He took us to arid, scrubby fields, where shepherds used to gather their flocks at night. And while I took photos and attempted to have a spiritual moment, the guide pointed to greener pastures in the distance. “My grandmother has a farm there, it is our family’s for generations, and now we cannot go. It is over the border. We are kept out.” I muttered something sympathetic, while trying to envision a chorus of angels announcing the birth of Christ. This guy was messing with my moment.

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A few feet away, my children scrambled on rocks, and a group of Christians sat beneath the shade of a white tent singing heavily accented hymns. In the distance, the fields stood dry and still. One of the kids slipped on a rock, and the guide requested that they kindly STOP. IT. NOW. I snapped fuzzy photos of hills and a no man’s land of forgotten farms.

I walked beneath the words “Gloria in Excelsis Deo” at the entrance to the garden and fields, and tried to feel the glory. I didn’t feel it in the expected way, a shiver of emotion running down my spine, or a welling of tears. I felt the glory of God in the most ordinary way, the same way I feel it every day. It is a simple, constant knowing. The glory of God still comes to those of us who feel un-exceptional in every way. We shepherds of dishes and daily life. It comes to those who scramble through life and frequently slip up. It comes to the outsider, the one with the hair and the skin that doesn’t look like all of the others. Glory falls on fallow ground and hymn singers and on those who find themselves unable to return home. The glory of Christ’s birth is for all of us, everyday, whether we feel the moment or not.

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It’s another world on this side of the manger and the cross. It’s a world where everything is turned upside down, where God confines himself to human skin, and we clothe ourselves in the Holy Spirit. We are strangers in this land, always looking across the time-continuum to the place our soul knows as the family home. Someday we will go there, and we will be strangers no more. Gloria in Excelsis Deo.

When you’re the opposite of a hoarder

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I like to think I notice things. Perhaps it is hubris on my part, but I think noticing things is part of what I do when I write or take photographs or listen. I like to think the little details in life–the way the tree limbs shoot out like tortured veins or the way he leaned heavy on the door jamb when he bent to hand her the candy–aren’t lost on me. It’s the small things that help us see, the small stories that truly speak.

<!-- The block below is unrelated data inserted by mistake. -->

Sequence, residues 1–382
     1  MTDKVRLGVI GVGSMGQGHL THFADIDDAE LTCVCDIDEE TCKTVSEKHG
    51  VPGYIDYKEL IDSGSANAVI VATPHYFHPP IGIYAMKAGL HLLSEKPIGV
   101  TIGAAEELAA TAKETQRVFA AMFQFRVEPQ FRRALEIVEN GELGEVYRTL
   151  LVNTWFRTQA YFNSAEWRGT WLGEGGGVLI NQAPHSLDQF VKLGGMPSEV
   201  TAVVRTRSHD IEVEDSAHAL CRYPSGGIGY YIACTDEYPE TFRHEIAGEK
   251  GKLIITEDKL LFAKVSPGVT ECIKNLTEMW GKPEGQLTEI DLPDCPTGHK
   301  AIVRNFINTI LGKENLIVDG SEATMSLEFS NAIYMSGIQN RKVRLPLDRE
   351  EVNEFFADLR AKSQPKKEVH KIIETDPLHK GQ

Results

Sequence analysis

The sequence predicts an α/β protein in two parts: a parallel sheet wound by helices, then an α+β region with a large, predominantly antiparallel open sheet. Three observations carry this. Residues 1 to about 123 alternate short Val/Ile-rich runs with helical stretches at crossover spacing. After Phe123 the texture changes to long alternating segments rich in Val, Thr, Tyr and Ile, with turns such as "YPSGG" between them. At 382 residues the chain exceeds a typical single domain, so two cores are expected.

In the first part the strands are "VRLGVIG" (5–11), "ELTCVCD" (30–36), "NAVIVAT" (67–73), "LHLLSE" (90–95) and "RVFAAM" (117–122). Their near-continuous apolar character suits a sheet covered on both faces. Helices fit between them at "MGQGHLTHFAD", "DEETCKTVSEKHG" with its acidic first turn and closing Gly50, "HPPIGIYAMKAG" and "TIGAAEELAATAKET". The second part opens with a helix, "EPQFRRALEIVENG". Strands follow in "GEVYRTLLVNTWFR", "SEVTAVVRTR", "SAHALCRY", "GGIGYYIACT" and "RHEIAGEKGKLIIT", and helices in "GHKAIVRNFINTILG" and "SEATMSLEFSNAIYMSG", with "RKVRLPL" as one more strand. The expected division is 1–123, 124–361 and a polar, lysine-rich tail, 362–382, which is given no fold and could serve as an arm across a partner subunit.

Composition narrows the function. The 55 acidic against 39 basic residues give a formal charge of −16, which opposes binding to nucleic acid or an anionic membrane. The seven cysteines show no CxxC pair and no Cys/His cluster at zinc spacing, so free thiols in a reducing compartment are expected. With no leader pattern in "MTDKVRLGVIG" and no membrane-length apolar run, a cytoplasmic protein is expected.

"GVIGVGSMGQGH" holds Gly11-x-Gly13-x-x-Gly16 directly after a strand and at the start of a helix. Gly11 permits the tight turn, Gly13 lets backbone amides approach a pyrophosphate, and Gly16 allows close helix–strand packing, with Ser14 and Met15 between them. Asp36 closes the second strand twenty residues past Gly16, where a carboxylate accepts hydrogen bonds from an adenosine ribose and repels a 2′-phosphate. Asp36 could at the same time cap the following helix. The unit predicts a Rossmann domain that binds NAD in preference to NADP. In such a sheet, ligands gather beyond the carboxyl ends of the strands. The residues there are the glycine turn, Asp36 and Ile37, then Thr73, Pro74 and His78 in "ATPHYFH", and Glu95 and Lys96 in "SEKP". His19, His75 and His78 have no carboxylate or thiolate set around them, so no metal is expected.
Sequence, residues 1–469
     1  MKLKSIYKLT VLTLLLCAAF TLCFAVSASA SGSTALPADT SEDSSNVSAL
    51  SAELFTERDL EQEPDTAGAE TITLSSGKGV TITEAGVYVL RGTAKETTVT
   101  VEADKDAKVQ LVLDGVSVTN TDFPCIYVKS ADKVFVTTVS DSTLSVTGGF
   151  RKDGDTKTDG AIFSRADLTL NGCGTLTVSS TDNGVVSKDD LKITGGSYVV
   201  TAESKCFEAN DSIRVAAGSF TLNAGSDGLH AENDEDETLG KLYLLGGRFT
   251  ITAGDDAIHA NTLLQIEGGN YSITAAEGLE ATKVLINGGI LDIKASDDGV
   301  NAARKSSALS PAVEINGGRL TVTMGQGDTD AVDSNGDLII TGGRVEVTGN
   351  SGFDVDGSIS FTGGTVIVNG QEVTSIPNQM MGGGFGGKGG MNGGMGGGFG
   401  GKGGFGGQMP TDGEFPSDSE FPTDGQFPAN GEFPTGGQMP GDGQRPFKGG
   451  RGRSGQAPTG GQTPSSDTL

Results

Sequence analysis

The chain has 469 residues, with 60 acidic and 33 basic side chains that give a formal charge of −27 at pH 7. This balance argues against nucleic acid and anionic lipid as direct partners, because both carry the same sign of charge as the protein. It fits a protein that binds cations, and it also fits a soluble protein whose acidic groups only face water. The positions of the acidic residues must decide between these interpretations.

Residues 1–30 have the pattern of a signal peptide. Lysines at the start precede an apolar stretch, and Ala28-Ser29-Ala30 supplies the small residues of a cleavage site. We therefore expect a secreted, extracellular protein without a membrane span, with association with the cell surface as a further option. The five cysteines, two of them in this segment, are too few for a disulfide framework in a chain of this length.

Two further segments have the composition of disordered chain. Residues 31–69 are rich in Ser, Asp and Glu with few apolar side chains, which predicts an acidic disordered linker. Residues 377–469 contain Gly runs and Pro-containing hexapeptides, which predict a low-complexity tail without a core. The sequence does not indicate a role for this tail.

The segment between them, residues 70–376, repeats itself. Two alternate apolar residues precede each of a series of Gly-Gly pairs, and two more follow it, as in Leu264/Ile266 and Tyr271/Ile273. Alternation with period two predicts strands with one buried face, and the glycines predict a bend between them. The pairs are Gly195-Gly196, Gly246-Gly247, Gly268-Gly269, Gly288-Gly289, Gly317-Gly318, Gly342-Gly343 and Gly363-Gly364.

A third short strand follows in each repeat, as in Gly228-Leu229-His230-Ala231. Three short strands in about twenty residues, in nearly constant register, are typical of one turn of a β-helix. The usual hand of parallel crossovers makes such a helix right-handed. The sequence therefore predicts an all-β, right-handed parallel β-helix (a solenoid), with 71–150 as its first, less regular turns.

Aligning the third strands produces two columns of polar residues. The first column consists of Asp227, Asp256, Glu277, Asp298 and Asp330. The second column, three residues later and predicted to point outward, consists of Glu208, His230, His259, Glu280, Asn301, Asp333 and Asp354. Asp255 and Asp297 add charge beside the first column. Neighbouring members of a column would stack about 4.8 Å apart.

This illusion of myself, as Chief Noticer of Small-ish Important Things, is, sadly, shattered on a near-daily basis. My husband can’t make heads or tails of it, and frankly, neither can I. I may be able to tell you exactly how someone parted their hair and the one gray strand they try to hide behind their left ear, but I will almost always forget which way to turn when driving to the mall. I will be sure to pack the matching earrings for a weekend away, but leave behind my travel documents.

Yesterday, on returning home from a weekend away, we arrived at the remote car park to retrieve our car, jet-lagged and exhausted. We paid to have the car cleaned inside and out while we travelled, and I was pleased to discover it’s not impossible for professionals to remove a chocolate milk stain from car upholstery, circa 2008. When I opened the trunk to put the luggage in the back, one lonely bag of rubbish sat waiting to be thrown out. My son informed me it was trash from home, and I grabbed the bag, marched over to the trash can at the car park, and shoved it in. I proceeded to pack the trunk with our luggage and mentally high-fived myself for getting it all done.

Trash: check. Luggage: check. Kids buckled in and ready to go: check. Every car-related item we own, including the car registration, my favorite lippy, and pages from my daughter’s journal now unknowingly stuffed in a trash can a few feet from my car: check.

Thank God someone in the car had the foresight to check the glove compartment box before we drove away. Otherwise, I’d have found myself back in Newark at midnight rummaging through the rubbish bin. Chief Thrower-Outer of Important Things might be a more appropriate nickname. All of this, on the heels of another unfortunate incident prior to our trip. My husband spent a fair bit of time searching for my Swiss bank card hours before we flew out, only to discover I had accidentally chopped it into little pieces and thrown it away months ago. I offered him my completely useless expired card, the one I originally intended to chop into little pieces, and somehow this generous offer didn’t appease his frustration.

I can’t imagine why.

Up next: An episode in which my daughter discovers I threw away her art work and put her favorite dress in the give-away pile. Stay tuned.